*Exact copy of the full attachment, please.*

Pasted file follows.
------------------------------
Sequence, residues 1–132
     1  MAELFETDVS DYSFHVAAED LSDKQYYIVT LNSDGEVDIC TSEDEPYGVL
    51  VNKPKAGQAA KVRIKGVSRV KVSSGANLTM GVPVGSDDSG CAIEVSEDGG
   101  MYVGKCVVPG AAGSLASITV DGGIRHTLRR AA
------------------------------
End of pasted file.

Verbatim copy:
Sequence, residues 1–132
     1  MAELFETDVS DYSFHVAAED LSDKQYYIVT LNSDGEVDIC TSEDEPYGVL
    51  VNKPKAGQAA KVRIKGVSRV KVSSGANLTM GVPVGSDDSG CAIEVSEDGG
   101  MYVGKCVVPG AAGSLASITV DGGIRHTLRR AA